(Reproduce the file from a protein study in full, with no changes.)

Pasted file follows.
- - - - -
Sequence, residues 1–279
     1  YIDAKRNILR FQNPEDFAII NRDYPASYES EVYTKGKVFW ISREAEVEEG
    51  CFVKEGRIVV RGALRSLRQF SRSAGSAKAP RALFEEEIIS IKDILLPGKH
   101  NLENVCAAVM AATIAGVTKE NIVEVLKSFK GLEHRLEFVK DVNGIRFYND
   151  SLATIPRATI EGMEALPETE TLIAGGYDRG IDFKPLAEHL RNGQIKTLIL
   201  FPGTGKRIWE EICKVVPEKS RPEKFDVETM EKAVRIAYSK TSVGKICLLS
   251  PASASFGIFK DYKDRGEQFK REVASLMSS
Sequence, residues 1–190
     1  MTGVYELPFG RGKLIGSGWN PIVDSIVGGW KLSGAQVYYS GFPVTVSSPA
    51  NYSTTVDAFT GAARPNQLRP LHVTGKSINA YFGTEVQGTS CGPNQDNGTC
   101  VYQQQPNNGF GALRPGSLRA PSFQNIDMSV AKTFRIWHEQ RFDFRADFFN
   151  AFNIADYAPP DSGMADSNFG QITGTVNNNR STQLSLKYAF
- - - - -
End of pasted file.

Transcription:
Sequence, residues 1–279
     1  YIDAKRNILR FQNPEDFAII NRDYPASYES EVYTKGKVFW ISREAEVEEG
    51  CFVKEGRIVV RGALRSLRQF SRSAGSAKAP RALFEEEIIS IKDILLPGKH
   101  NLENVCAAVM AATIAGVTKE NIVEVLKSFK GLEHRLEFVK DVNGIRFYND
   151  SLATIPRATI EGMEALPETE TLIAGGYDRG IDFKPLAEHL RNGQIKTLIL
   201  FPGTGKRIWE EICKVVPEKS RPEKFDVETM EKAVRIAYSK TSVGKICLLS
   251  PASASFGIFK DYKDRGEQFK REVASLMSS
Sequence, residues 1–190
     1  MTGVYELPFG RGKLIGSGWN PIVDSIVGGW KLSGAQVYYS GFPVTVSSPA
    51  NYSTTVDAFT GAARPNQLRP LHVTGKSINA YFGTEVQGTS CGPNQDNGTC
   101  VYQQQPNNGF GALRPGSLRA PSFQNIDMSV AKTFRIWHEQ RFDFRADFFN
   151  AFNIADYAPP DSGMADSNFG QITGTVNNNR STQLSLKYAF